Having this menu of rewards and consequences gives you a roadmap for how to deal with the hills, valleys and forks in the road you encounter each day with your child. It also keeps you from taking shortcuts, which we all do in parenting. Parents are tired, they work hard, they have high levels of anxiety over their finances and their professional careers, and they have lots of demands beyond caring for the children. This is true in almost every family. So parents often start taking shortcuts that are ineffective, such as taking the cell phone for every offense or grounding a kid for a week. If you have a menu of rewards and consequences, you can give an appropriate consequence for the offense—one that allows the child to learn. Not a knee-jerk, punitive consequence.
The most important question you need to ask yourself when you’re giving a child a consequence is this: What do I want to accomplish here? Do I want to show him who’s boss or do I want to get him to do his homework? If you want to show him who’s boss, then you’re going to be extra punitive in your consequence and fire all your guns at once. If you want him to get his homework done, then you start with consequences that can lead up to getting homework done. Like no TV until your homework’s done. It’s as simple as pie.
When do you use the “big gun” consequences? When you’re dealing with issues involving values and respect of others. When you’re faced with abuse issues such as physical or verbal abuse of a family member or teacher. Or when you’re dealing with serious issues such as stealing.
Consequences don’t happen in a vacuum. They have to fit in with an overall style of parenting that is designed to produce children who can respond to limits, meet responsibilities and demonstrate age-appropriate behavior. So, if a consequence isn’t working, and a parent says, “I took his phone for two weeks and it’s not working,” that parent needs to look at a couple of things. First of all, maybe two weeks is too long. Maybe what you have to tell your child is this: “I’m taking your phone until you don’t do X for twenty four hours.” Or, “If you talk abusively to your sister, I’m taking your phone until you don’t talk to her abusively for forty eight hours straight. And every time you’re abusive with her, it starts over.” Go back again to the most important question: “What do I want to accomplish?” If you want to hurt him for hurting his sister, take his phone for two weeks. But if you do this, don’t expect any compliance out of him. If what you want to accomplish is having your son learn not to be abusive and work on his self-control, then set up a task as part of the consequence.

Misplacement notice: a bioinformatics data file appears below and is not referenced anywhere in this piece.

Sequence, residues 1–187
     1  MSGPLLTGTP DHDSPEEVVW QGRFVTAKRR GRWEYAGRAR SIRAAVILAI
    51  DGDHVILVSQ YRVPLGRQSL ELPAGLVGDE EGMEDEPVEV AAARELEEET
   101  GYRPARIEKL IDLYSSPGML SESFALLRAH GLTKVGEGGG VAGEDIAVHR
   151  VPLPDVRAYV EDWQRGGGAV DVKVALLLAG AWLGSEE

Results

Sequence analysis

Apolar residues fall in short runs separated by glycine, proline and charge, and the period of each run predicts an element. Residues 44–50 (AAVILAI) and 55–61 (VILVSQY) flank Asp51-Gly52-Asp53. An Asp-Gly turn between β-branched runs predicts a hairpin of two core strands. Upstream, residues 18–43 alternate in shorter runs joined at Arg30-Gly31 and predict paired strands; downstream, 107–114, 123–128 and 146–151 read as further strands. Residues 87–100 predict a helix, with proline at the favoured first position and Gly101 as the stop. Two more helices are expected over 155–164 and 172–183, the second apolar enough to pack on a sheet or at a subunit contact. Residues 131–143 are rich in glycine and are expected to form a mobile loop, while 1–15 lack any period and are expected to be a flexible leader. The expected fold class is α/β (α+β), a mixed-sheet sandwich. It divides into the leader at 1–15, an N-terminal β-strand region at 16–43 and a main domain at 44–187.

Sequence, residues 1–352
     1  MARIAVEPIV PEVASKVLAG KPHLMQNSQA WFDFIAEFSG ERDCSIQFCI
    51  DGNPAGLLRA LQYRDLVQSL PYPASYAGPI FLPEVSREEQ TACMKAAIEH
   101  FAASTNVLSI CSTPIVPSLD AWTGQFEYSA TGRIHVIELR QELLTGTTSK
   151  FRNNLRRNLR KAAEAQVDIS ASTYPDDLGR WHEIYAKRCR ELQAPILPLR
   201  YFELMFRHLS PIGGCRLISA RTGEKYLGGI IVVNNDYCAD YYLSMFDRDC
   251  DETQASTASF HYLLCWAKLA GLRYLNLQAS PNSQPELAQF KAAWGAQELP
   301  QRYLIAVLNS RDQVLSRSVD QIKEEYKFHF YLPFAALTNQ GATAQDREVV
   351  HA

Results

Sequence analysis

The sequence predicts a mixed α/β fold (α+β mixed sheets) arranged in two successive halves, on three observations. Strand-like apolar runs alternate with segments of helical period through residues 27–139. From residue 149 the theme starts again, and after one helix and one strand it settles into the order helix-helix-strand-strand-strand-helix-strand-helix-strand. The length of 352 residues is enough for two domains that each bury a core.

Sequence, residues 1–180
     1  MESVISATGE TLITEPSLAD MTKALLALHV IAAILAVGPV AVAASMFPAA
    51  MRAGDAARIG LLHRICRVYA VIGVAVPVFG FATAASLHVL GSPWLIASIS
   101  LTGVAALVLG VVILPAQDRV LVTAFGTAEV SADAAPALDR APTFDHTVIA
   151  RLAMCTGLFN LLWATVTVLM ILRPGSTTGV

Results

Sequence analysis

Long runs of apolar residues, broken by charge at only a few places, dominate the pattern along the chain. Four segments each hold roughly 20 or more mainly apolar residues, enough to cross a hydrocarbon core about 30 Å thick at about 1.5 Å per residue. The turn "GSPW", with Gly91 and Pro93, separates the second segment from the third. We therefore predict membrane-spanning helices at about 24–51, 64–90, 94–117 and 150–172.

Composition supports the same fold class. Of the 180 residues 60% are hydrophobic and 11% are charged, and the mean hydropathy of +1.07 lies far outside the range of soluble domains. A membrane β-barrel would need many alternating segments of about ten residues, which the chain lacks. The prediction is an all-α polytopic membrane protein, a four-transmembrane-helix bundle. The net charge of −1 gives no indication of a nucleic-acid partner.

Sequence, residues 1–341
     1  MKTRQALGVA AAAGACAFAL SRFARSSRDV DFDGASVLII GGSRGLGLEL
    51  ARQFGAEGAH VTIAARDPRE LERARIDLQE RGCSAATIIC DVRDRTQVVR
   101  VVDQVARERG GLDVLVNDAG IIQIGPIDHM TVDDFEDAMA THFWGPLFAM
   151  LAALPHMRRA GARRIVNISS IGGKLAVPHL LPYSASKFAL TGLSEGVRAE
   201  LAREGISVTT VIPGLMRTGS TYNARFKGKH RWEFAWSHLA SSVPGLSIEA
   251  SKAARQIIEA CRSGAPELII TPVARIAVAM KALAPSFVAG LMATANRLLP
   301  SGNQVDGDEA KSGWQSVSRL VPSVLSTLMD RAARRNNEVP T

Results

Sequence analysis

Another thing to think about is whether you’re being firm or rigid. There’s nothing wrong with being firm. But if you’re being senselessly rigid, your kids are going to develop defiance to respond to that. That’s the problem with using all the big gun consequences at once.
Sometimes consequences don’t work because they are part of a much broader problem; the child is in a power struggle with the parents. One of the primary ways that kids try to win that power struggle with their parents is by withholding compliance. Once that pattern establishes itself, the only power the parent has is to punish, and the only power the kid has is to refuse to do what they’re asked. Consequences will not work in that atmosphere. When this occurs, parents need the more comprehensive solution that The Total Transformation and the 1-on-1 Coaching provide. The program and the support will help you with the broader problem-solving skills that enable kids to take responsibility for compliance without being reactionary.
About James Lehman, MSW
James Lehman, who dedicated his life to behaviorally troubled youth, created The Total Transformation® Program, The Complete Guide to Consequences™, Getting Through To Your Child™, and Two Parents One Plan™, from a place of professional and personal experience. Having had severe behavioral problems himself as a child, he was inspired to focus on behavioral management professionally. Together with his wife, Janet Lehman, he developed an approach to managing children and teens that challenges them to solve their own problems without hiding behind disrespectful, obnoxious or abusive behavior. Empowering Parents now brings this insightful and impactful program directly to homes around the globe.